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Book details
  • Genre:EDUCATION
  • SubGenre:History
  • Language:English
  • Pages:250
  • eBook ISBN:9780996563918

O Tomodachi

(Friend)

by Dick Jorgensen

Book Image Not Available Book Image Not Available
Overview

In 1954, as a twenty-nine-year-old grad student, Dick Jorgensen was selected to be one of four “ambassador” teachers in a first-ever exchange program with Japan. Jorgensen would represent the University of Michigan, where he was studying history, and would spend the next two years teaching at the University of Hiroshima, founded in the wake of the dropping of the atomic bomb on that city in 1945.

Thus began an incredible journey for, as he describes himself, a Kid from the Midwest. Those two years in Japan were the start of a lifelong love affair with travel and with Japanese culture, architecture and history. While there, Jorgensen visited many parts of Japan – including Tokyo, Kyoto, Kobe, Sapporo, Nagasaki and many other communities. Jorgensen treats readers to luscious descriptions of all those cities, while at the same time providing histories that deepen understanding and perspective.

As a work of history, O Tomodachi (Friend) provides a perspective on postwar Japan that is both historical and accessible. As memoir, O Tomodachi gives readers a wonderful sense of what it was like for a young American to go off to a foreign land, a place that had only recently been the enemy of the United States, and to open himself to new experiences and people. Jorgensen fell in love with Japan, and that love has lasted a lifetime.

Description

In 1954, as a twenty-nine-year-old grad student, Dick Jorgensen was selected to be one of four “ambassador” teachers in a first-ever exchange program with Japan. Jorgensen would represent the University of Michigan, where he was studying history, and would spend the next two years teaching at the University of Hiroshima, founded in the wake of the dropping of the atomic bomb on that city in 1945.

Thus began an incredible journey for, as he describes himself, a Kid from the Midwest. Those two years in Japan were the start of a lifelong love affair with travel and with Japanese culture, architecture and history. While there, Jorgensen met luminaries in the fields of history, politics and education, lived with two Japanese families, and discovered new ways to reach his young students, all of whom grew up in a Japan ravaged by World War II.

While there, Jorgensen visited many parts of Japan – including Tokyo, Kyoto, Kobe, Sapporo, Nagasaki and many other communities. Jorgensen treats readers to luscious descriptions of all those cities, while at the same time providing histories that deepen understanding and perspective.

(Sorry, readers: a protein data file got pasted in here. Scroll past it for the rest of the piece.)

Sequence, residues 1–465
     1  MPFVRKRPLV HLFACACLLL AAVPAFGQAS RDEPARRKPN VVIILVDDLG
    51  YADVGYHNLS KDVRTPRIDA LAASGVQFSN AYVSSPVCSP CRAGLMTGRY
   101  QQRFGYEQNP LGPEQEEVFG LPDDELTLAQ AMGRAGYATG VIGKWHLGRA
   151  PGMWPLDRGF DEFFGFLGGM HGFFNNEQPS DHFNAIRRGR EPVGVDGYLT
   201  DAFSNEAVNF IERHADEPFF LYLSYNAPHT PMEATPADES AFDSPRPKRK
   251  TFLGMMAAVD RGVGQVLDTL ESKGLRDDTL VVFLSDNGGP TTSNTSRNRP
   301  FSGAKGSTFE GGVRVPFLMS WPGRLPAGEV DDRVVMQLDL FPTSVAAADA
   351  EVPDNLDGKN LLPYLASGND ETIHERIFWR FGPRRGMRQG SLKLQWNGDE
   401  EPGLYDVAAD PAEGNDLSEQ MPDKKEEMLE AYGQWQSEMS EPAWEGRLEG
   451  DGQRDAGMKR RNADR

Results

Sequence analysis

As a work of history, O Tomodachi (Friend) provides a perspective on postwar Japan that is both historical and accessible. As memoir, O Tomodachi gives readers a wonderful sense of what it was like for a young American to go off to a foreign land, a place that had only recently been the enemy of the United States, and to open himself to new experiences and people. Jorgensen fell in love with Japan, and that love has lasted a lifetime.

About the author

Dick Jorgensen grew up in Kenosha, Wisconsin, in the 1930s and served in the U.S. Navy for three years during World War II. He completed his bachelor of art degree in sociology/American studies from Carleton College in Northfield, Minnesota, in 1950 and a master of art degree in history from the University of Michigan in 1954.

Under the sponsorship of The Asia Foundation, he moved to Japan for two years to represent the University of Michigan as an English teacher at the fledgling Hiroshima University. Returning to San Francisco as a program officer with The Asia Foundation, his experiences broadened and his passion for anything Asian was enhanced.

Jorgensen taught history in California for a number of years, then in 1965 directed the first History Institute for Teachers at the University of California Berkeley. Soon after, he accepted a position with the U.S. Office of Education in Washington, D.C. He completed his Ph.D. in history at Georgetown University (with an emphasis on U.S.-Japan cultural relations), then returned to the Education Department to assume positions as the national director of the Teacher Corps/Peace Corps program and director of dissemination for programs in foreign languages and international studies in America.

Dick has traveled the world over, and more recently has volunteered as a teacher in Kunming, China; Chennai, India; and the Cook Islands; with additional travels in Mongolia, Australia, New Zealand, Africa, Afghanistan, and European countries.

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